iGEM Warwick 2016 - Interlab


The University of Warwick iGEM team is proud to participate in this year’s Interlab study. The aim of the Interlab study is to analyse the measurement of fluorescence in labs across the world. This will allow determination of whether comparable results can be gathered to characterise devices using an identical protocol, but different lab equipment and techniques.

Having absolute units of measurement in engineering simplifies the comparison of sets of results, making collaboration between different research groups a far easier process. However, in biology, variance in growth conditions and subtle differences in lab technique renders absolute measurement of aspects of cell biology, such as fluorescence, very difficult to achieve. This is often overcome by using relative expression as a comparison, but this makes interpretations of results across labs subjective, limiting the reliability of device comparisons made by synthetic biologists. In the interest of making synthetic biology more of an engineering discipline, it is important that absolute measurements of expression be invented and standardised across labs.

Our team participated in this study using the plate reader protocol distributedhere:


Figure 1: Plot of OD600 measurements for Interlab devices, controls, and replicates over a time period of 6 hours

As shown by Figure 1, devices 2, 3, and the positive and negative controls have similar growth curves. This suggests that when present in the cells, these devices had no influence on replication ability. However, device 1 had a far lower growth curve, peaking at an OD600 of about 0.26 after 6 hours - a 66% reduction compared to the other constructs that had maximum readings exceeding 0.76.

Figure 2: Plot of GFP fluorescence measured with an excitation of 465 nm and emission of 530 nm, over the course of 6 hours for Interlab devices, controls, and replicates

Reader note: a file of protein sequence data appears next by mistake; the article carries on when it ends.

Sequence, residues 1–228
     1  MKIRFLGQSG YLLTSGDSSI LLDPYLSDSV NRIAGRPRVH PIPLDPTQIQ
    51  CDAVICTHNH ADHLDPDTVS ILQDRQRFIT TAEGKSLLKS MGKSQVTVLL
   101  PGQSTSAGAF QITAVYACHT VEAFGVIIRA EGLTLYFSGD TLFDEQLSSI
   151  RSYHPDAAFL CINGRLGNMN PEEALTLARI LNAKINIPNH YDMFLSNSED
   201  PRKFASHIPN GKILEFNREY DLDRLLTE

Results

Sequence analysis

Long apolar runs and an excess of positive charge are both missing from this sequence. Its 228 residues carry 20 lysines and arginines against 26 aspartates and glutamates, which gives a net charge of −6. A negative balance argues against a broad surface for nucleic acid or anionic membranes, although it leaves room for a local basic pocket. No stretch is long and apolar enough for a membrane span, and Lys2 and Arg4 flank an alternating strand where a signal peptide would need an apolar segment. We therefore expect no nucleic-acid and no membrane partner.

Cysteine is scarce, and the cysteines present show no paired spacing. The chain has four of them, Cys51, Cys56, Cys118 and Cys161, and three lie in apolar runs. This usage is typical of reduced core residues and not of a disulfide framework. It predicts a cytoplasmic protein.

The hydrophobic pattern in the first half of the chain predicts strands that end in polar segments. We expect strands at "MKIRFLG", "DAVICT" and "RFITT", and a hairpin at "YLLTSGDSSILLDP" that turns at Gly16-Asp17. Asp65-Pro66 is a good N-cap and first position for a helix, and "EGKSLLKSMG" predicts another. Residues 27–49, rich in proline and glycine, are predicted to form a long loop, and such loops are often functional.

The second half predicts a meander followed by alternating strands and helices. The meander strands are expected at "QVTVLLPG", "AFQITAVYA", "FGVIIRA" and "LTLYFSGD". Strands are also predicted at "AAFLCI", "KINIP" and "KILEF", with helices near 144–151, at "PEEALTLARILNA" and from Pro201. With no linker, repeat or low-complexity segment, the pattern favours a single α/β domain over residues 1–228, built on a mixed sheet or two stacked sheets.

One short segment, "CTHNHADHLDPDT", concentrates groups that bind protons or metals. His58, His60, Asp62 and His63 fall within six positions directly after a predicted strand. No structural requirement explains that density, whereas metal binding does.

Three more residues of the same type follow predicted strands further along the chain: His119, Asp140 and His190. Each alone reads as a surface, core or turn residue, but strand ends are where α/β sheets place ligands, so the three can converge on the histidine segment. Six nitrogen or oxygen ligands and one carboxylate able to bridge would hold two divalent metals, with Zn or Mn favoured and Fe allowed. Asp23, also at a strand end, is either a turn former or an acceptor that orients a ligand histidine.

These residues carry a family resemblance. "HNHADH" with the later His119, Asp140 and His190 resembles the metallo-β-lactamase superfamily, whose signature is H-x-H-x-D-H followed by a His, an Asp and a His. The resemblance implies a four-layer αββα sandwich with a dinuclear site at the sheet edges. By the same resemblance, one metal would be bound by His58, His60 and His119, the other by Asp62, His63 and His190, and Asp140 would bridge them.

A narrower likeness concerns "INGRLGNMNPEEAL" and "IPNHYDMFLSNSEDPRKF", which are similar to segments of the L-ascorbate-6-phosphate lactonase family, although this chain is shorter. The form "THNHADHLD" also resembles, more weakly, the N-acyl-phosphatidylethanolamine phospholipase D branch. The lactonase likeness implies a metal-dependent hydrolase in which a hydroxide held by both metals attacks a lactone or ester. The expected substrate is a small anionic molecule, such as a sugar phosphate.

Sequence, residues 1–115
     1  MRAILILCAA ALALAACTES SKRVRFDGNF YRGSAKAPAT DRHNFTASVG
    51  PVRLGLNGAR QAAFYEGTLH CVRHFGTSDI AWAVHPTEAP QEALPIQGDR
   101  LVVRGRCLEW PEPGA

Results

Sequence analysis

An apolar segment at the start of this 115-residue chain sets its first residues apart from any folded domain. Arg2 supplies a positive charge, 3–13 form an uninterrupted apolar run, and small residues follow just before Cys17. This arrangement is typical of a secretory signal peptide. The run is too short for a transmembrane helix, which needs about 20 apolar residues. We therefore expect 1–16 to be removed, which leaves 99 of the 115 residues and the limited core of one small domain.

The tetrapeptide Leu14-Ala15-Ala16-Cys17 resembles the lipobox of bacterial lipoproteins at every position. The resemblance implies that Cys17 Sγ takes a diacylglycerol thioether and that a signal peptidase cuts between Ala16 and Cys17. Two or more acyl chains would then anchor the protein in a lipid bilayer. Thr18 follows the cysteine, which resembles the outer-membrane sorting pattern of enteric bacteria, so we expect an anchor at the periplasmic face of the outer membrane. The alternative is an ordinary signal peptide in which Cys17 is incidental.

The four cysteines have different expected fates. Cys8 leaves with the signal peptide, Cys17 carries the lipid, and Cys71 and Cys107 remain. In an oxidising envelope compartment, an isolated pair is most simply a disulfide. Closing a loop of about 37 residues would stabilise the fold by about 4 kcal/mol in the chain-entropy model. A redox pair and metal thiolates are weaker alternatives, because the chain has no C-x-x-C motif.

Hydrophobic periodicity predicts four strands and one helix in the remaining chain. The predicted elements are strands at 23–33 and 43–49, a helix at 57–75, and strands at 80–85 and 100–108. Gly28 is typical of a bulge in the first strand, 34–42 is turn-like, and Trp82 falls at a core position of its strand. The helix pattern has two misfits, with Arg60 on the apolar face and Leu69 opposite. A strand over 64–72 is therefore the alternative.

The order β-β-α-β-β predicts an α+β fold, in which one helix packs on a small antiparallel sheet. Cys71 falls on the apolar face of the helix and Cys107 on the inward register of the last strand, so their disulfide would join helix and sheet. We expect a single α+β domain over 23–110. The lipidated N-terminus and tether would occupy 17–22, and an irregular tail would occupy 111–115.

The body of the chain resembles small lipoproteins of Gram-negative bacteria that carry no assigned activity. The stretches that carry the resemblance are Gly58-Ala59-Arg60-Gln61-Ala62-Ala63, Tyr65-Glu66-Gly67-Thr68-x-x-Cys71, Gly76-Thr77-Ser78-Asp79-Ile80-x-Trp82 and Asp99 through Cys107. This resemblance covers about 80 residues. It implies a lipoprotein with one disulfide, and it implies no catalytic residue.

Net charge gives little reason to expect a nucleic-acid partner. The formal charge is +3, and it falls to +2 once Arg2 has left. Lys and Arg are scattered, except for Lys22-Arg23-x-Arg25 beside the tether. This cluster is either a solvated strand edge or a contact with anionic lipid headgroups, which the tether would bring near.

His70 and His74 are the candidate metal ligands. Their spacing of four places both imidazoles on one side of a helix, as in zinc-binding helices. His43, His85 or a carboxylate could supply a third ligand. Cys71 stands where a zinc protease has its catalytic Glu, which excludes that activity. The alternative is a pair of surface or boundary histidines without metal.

Figure 2 indicates that device 1 produced the greatest fluorescence over the 6 hour time period, producing values 74.5% higher than the positive control. In contrast, device 2 only produced 28% more fluorescence than the positive control. Device 3 generated the lowest amount of GFP expression of the three devices tested, with fluorescence comparable to the negative control.

From Figure 3: comparing OD600 to fluorescence is only valid when comparing points where each transformed cell is in exponential phase. For this, only the results from 6 hours will be compared as each cell population is in exponential phase at this point. Device 1 provides the highest F/Abs600, a 424% increase over the positive control. Device 2 has an F/Abs600 32% higher than the positive control. Device 3 has an F/Abs600 97% lower than the positive control, comparable to the negative control.

Figure 3: Graph representing the ratio of fluorescence to growth for each Interlab device


Device 1 produces the most fluorescence per cell, to the extent that a lower concentration of device 1 cells still generate the greatest GFP expression than higher concentrations of any of the other constructs tested. However, this high expression rate limits the growth ability of the system to a third of the normal growth. Device 2 produces 32% more fluorescence per cell than the positive control, whilst maintaining a similar growth curve.

Device 3, while maintaining the normal growth curve, produces very little fluorescence, only marginally more than the negative control.

In systems where it is important to maximize fluorescence over growth, device 1 is a good candidate for GFP production. On the other hand, in systems where maintaining growth is equally important it would be far better to use device 2. Device 3 is an unsuitable candidate for GFP production in every conceivable system, due to poor rate of expression.